Welding Wire Diameter: Your Key to Perfect Welds


Many people consider welding wire to be a relatively insignificant part of the welding process—something that you can just pick up and start using without much worry about quality or effect. But welding wire is actually pretty darn important; it has a profound effect on weld quality and weld strength. Welding wire is the filler metal that you use to bridge the gap between two base-metal pieces being joined together with heat. And because the wire is the material being added to the joint, and because it is also a part of what is going to hold the two base-metal pieces being joined together when it cools and solidifies, it is of the utmost importance to use the right kind of welding wire for the job and to use it in the right amount and in the right way.

Understanding Welding Wire Diameter

What is welding wire diameter? It is just the thickness of the wire. People typically use inches or millimeters to describe this thickness. What thickness should you choose? The welding position matters. The base material matters. The desired weld penetration matters. The type of welding process matters. All these factors impact the choice of wire thickness that should be used.

The importance of welding wire diameter

The thickness of the welding wire used affects several key factors in the welding process. For one, the heat input is greater when thicker wire is used. This obviously can affect the appearance of the weld, but there might not be a big difference if the amperage and arc time are the same. However, when it comes to penetration, thicker wire does a better job. Thicker wire can also be used to weld faster while still getting good penetration, but that’s a discussion for a different time.

Factors Influencing Welding Wire Diameter Choice

  1. Thickness of the base material is the most critical factor you will consider when selecting a wire size. When a weld is created, the joining of two pieces of material can occur at the faying surface, but it also has to occur deep in the joint. If the base material is thicker, the weld is going to need more filler metal to create a weld that has both adequate penetration and adequate strength.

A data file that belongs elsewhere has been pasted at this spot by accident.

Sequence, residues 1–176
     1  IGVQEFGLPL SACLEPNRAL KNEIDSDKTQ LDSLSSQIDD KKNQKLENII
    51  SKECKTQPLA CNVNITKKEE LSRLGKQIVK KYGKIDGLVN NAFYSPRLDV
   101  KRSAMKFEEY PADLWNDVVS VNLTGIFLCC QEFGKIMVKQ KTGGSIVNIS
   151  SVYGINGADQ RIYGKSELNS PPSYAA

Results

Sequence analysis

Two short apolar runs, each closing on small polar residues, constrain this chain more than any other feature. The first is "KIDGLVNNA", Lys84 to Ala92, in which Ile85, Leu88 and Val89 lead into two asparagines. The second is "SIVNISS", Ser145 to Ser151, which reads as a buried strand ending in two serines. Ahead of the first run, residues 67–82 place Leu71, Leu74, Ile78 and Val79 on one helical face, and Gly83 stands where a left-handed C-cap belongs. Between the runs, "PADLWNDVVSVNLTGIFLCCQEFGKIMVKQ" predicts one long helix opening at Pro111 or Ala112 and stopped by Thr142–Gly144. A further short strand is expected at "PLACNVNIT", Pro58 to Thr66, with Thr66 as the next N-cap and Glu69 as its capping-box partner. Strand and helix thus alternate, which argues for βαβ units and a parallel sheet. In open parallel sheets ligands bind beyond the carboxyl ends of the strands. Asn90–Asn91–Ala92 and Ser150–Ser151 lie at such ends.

2. A weld being made using the TIG process, typically requires only a little bit of fill material, compared to  MIG. Even so, and with a little finesse, it is entirely possible to make TIG welds that possess a little more “meat” for the times when a little more strength is desired.
  3. When wire size is too small, insufficient penetration into the base material occurs. In some respects, it’s kind of like driving a 16-penny nail into a 2 x 4. Yes, it can be done, but it’s not always the best choice.

Choosing the Right Welding Wire Diameter

When it comes to the relationship between welding wire and welding material thickness, you can think of it in simple terms. If the material you’re welding is thin, use a thin wire. If it’s thick, go for a thick one. And if it’s in between, you guessed it; use a wire in between. Here are some more specific recommendations:

Welding wire comes in different thicknesses, and as you might expect, the thicker the wire, the more amperage it can handle. The amperage that appropriate arc welding requires varies depending on what you are doing and on the situation. But even if you try to keep everything constant, the heat developed and delivered to the work being welded can be a little different, particularly when you’re using different thicknesses of wire.

Helpful Suggestions for Choosing the Right Welding Wire

  • Please refer to the welding charts kindly provided by the wire manufacturers or welding equipment suppliers. Those charts are really nice because they give you recommendations of wire diameters based on the material thickness you’re welding and the kind of welding process that you’re using.
  • Ultimately, when it comes down to it, if you don’t feel like you’re getting the right amount of burn-in or if you don’t like the way it looks when it’s finished, go up or down by a tenth and see how that works. Because a lot of times, that might just be the little tiny adjustment that you need to make to get a good, positive feel of how the wire feeds, how it’s burning in, if it’s burning in the right amount, and if it’s finishing up clean.
  • Now, truth be told, if you really don’t have the time to do that, because sometimes those little adjustments can take a whole lot of time just to figure out.


The step toward selecting the right welding wire diameter can greatly affect the success of a weld. The decision requires an understanding of all the factors at play and the way they can or should influence the choice you make. You must follow the guidelines, too, if you’re to be confident about your wire-diameter choice. With all this in mind, you can be assured that you’re headed into territory where the wire you choose to weld with is of the right size, quality, and kind to make the weld pool do what you want it to do.

Find more information about welding wire and welding techniques at  UDO website –

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